Online dating is changing.
The general consensus on this maligned term typically conjures images of overweight, middle aged men creating elaborately fake profiles from the comfort of their basement apartments.
Apps like Tinder, Blendr, and Grindr have started to dispel the notion that online dating is only for losers. Scanning any mobile app store, customers can find a variety of programs tailored to their dating needs.
One particular program has generated alot of interest: Lulu.
Most of these apps are generally male-oriented, but Lulu is controlled by women. CEO Alexandra Chong started the app one year ago after having a chat with her friends about their numerous bad dates, according to a recent New York Times article.
The way the system works is that women can browse through pictures of guys and attach a multitude of hashtags that can range from flattering to insulting. This contributes to an overall score. Guys can retaliate and add tags too but that won’t affect their rating.
So how can a guy survive on Lulu? These matchmakers, who specialize in online dating, have some advice for the unsuspecting 20-somethings who may be the target of this hashtag onslaught.
Laurie Davis, founder and CEO of eFlirt Expert, specialises in a comprehensive process for customers interested in online dating. From creating profiles to writing emails, eFlirt handles a variety of outlets for those who are interested in trying online dating.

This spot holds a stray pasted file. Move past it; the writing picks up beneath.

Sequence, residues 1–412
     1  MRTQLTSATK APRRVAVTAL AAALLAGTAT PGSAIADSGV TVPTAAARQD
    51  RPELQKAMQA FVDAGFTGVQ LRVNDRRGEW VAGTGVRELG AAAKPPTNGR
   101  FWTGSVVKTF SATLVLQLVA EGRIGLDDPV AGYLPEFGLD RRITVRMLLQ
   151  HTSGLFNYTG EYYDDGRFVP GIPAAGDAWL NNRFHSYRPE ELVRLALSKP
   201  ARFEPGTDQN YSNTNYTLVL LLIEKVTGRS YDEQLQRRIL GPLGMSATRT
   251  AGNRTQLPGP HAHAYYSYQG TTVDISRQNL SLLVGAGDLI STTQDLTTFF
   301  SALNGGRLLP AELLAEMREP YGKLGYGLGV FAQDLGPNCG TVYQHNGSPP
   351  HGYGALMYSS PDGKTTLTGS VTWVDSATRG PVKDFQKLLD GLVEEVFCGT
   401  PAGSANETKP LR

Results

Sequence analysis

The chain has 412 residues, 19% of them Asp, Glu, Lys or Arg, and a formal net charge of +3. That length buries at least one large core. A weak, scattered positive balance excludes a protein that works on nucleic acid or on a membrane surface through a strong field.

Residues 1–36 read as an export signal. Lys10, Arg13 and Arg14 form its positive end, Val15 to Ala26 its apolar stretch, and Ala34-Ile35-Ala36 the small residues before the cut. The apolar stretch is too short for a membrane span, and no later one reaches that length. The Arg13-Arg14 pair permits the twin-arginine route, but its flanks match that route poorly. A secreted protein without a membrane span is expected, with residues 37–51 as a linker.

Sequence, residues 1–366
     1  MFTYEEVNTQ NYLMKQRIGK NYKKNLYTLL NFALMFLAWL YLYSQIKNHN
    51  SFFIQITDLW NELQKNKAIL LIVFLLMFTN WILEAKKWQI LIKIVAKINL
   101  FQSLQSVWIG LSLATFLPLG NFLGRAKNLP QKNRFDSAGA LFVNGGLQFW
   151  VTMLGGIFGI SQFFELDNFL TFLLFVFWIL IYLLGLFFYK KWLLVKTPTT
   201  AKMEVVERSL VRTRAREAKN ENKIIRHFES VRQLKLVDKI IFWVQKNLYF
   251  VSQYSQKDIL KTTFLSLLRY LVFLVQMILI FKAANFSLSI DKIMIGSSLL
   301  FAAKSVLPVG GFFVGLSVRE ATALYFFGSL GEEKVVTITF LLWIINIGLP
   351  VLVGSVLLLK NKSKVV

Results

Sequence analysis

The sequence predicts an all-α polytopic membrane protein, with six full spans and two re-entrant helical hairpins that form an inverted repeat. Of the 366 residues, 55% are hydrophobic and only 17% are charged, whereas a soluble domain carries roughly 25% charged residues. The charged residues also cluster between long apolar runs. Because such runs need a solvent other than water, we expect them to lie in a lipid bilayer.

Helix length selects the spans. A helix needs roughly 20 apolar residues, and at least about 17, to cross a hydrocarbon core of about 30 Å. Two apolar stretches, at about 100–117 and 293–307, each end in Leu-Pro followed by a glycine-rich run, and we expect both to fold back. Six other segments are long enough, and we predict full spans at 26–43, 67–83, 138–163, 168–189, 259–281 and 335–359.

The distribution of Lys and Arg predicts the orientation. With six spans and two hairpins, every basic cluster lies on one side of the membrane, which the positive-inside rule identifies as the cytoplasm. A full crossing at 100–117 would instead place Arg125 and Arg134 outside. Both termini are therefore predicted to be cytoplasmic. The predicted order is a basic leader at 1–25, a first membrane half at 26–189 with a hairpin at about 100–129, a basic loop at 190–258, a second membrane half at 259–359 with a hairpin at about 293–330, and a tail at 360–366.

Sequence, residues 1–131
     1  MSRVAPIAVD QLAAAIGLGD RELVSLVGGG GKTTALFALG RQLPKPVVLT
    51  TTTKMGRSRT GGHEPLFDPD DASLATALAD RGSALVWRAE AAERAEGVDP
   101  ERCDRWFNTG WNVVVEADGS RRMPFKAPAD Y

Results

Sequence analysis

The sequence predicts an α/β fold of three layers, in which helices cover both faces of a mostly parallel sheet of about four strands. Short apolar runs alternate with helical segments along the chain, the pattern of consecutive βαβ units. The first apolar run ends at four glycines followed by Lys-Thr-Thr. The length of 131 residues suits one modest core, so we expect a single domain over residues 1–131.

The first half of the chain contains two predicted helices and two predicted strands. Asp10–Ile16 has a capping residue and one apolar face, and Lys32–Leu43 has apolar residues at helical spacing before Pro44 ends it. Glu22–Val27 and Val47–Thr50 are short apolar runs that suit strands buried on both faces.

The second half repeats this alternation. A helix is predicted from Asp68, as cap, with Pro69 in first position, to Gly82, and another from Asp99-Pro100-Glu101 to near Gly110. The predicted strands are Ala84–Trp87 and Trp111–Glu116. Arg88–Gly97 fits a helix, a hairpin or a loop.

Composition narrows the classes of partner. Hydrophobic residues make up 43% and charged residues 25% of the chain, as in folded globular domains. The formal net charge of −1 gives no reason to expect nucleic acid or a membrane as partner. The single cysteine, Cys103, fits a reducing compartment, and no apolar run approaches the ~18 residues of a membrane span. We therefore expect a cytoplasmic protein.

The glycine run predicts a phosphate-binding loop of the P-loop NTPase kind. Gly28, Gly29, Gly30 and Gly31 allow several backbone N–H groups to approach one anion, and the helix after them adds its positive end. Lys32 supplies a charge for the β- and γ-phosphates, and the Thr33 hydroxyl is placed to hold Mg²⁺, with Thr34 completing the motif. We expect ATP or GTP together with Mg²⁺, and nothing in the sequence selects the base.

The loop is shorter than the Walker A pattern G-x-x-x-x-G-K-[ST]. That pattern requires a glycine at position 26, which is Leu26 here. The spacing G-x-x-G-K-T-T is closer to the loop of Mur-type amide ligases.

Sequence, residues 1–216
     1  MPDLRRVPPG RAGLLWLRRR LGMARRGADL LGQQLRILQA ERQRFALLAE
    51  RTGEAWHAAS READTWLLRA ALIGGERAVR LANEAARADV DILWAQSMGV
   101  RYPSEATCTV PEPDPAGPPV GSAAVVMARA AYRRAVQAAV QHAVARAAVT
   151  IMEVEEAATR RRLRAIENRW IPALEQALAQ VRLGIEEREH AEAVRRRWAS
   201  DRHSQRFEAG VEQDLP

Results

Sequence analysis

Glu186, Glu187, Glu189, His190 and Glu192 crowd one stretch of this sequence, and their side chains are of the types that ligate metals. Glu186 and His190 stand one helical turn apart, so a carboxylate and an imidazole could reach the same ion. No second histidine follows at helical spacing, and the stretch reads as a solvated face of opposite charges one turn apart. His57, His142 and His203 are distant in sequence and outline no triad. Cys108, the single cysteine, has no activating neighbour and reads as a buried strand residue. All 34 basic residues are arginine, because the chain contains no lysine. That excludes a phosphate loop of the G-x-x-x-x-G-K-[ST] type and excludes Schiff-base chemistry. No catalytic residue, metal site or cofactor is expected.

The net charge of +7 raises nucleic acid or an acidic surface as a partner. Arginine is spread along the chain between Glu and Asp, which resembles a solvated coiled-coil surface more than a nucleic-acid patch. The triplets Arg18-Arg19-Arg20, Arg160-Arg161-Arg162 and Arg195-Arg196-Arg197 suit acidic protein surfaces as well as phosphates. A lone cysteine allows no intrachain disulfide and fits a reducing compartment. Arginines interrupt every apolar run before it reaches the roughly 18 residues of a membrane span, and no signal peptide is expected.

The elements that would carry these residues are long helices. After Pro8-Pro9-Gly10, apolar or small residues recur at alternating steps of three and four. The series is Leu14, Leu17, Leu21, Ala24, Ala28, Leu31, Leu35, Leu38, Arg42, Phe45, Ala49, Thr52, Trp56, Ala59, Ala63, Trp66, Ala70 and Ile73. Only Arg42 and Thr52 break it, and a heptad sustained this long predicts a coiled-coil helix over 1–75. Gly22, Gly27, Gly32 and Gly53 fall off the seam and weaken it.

Laurie recommends that guys should just be mindful of the women they date. Of course, a woman can post negative things if you treat them badly but Davis mentions that women typically are honest within this community and want to help out their “virtual gal pals”.
However, Davis offered a few tips for guys to manage their scores. First, download the companion app Luludude. Select the pictures from Facebook you upload carefully since three or four images can say alot about your personality. (Lulu gets all its data from your Facebook profile.) Don’t attach your own hashtags though. Davis elaborates that this is not meant to be a dating profile and installing your own tags will not improve your bad score.
Davis embraces the idea of friends scanning your profile and offering insight. Ask them to look it over on Luludude and see if they have any input to improve what you’ve written. By having them write a review or two of you, this will paint a wider picture of who you are as a person.
Suzanne K. Okishima, Dream Bachelor & Bachelorette founder, echoed similar sentiments as Laurie did. Men should just be themselves. Be mindful of their behaviour in order to ensure that they can achieve high scores.
As every aspect of our culture begins a shift towards a more digital world, it’s natural for more problems to arise. One important thing to remember though is that there is not always an app that can solve it.